The Commonwealth of Virginia is very clear about what it considers to be reckless driving, and it takes the charge very seriously. As reckless driving is a criminal offense in Virginia, you could end up with a misdemeanor or even a felony conviction on your record if you aren't aware of the laws and don't take the charges seriously.

    Reckless Driving Violations

    According to the Virgnia Department of Motor Vehicles, the following violations will result in a reckless driving charge in Virginia:

    • Speeding in excess of 80 mph
    • Speeding 20 mph or more above the posted speed limit
    • Racing
    • Passing or overtaking an emergency vehicle
    • Passing a school bus
    • Passing on the crest of a hill
    • Passing at a railroad crossing
    • Passing two vehicles abreast
    • Driving two vehicles abreast
    • Driving too fast for conditions
    • Failing to give a proper signal
    • Faulty brakes/improper control
    • Reckless driving on parking lots, etc.
    • Reckless driving with an obstructed view

    If charged and convicted of reckless driving in Virginia under these regulations, you could face the following consequences:

    • Six demerit points on your license. Demerit points will stay on your license for at least two years and will affect insurance rates and consequences of additional traffic tickets.
    • A criminal record. If you’re convicted, the misdemeanor criminal charge will remain on your record. Having such a conviction can cause difficulty when applying for jobs, loans, etc. and can permanently mar your reputation.
    • Loss of job or security clearance. Since the conviction will cause you to have a criminal record, this could affect your security clearance and job security.
    • Increased insurance rates. Insurance companies commonly raise rates for people viewed as greater risks, including those convicted of reckless driving offenses.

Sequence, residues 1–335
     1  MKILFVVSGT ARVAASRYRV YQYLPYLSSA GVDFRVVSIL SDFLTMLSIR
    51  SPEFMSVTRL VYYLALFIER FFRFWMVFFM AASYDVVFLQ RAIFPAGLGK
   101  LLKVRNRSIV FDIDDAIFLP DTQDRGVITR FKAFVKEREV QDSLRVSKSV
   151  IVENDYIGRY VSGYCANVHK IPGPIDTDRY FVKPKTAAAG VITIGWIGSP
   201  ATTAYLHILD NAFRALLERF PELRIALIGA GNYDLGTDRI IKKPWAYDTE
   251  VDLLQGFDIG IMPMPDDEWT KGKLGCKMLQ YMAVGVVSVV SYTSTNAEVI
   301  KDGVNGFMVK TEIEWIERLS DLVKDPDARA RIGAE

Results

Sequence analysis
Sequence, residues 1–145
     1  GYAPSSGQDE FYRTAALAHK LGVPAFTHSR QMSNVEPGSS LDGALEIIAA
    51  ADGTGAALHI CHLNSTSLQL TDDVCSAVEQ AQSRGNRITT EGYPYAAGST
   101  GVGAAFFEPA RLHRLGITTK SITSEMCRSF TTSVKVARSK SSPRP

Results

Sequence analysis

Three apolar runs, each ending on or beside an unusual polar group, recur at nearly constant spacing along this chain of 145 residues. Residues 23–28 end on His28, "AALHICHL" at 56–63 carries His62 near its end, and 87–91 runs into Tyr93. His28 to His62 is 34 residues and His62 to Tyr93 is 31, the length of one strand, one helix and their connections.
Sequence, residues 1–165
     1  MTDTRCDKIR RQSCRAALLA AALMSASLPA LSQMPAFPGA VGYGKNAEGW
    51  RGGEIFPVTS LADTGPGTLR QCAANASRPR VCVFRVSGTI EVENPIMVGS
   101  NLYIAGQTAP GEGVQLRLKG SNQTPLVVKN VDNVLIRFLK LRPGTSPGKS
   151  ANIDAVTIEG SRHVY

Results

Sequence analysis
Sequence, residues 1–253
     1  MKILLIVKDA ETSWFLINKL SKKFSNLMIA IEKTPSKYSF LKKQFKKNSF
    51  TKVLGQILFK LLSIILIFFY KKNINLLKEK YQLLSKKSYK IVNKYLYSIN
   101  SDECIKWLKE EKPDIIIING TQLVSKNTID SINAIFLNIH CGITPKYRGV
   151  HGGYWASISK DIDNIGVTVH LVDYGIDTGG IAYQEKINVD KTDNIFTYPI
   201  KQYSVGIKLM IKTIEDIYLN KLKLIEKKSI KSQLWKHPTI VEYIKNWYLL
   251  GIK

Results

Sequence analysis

• License suspension. Conviction of reckless driving in Virginia could result in suspension of your license, making it difficult to get to work.
    • Jail time. While unusual, a judge could order jail time if you are driving in excess of 90 mph.

    For more information on how to fight charges and avoid legal consequences, contact us today at (804) 835-5127, or come see us at our Lexington or Petersburg offices.  We’ll be happy to discuss your case and provide you with the quality advice and guidance you need. Contact us today!

  • What happens if I try to represent myself in court?

    Representing yourself in court is a serious gamble. You may have a good outcome, but without legal counsel, it may mean that you go to jail. Some courts will not even grant the accused an appeal bond. That would mean going from the courthouse directly to the jail and staying there until or unless the sentence is overturned on appeal. Reasons not to represent yourself in court

    Courtroom TV dramas make beating a criminal charge look easy, but legal proceedings can be very complex. Attorneys know how to obtain copies of the police report and cite applicable case law. They know the subtle details vital to establishing guilt—details that are easy to overlook if you're not familiar with the law. Additionally, attorneys understand what is and isn't admissible as evidence.

    Taking your chances with self-representation on charges of drug possession, assault and battery, or breaking and entering is never a good idea, but even someone charged with reckless driving needs solid, professional legal advice. Virginia is tough on crime—especially on those accused of reckless driving by speed. If you try to defend yourself with weak arguments such as you were trying to keep pace with traffic, you were going downhill, or you simply didn't realize how fast you were going, you risk jail, license suspension, a permanent criminal record, and a hefty increase in your insurance rates. Even your job could be at risk because you might lose your CDL and/or security clearance.

    Don't Let One Mistake Define Your Future

    People often hesitate to hire an attorney because they're worried about the cost of representation. However, a good defense can mean the difference between clearing your name and a conviction that can permanently damage your reputation. Making sure your rights are protected is an investment in your future.

    Attorney Charles V. Hardenbergh has dedicated his career to helping Virginia residents achieve the best possible outcome for their case. Call (804) 835-5127, or complete our online contact form to make an appointment for a free, confidential consultation.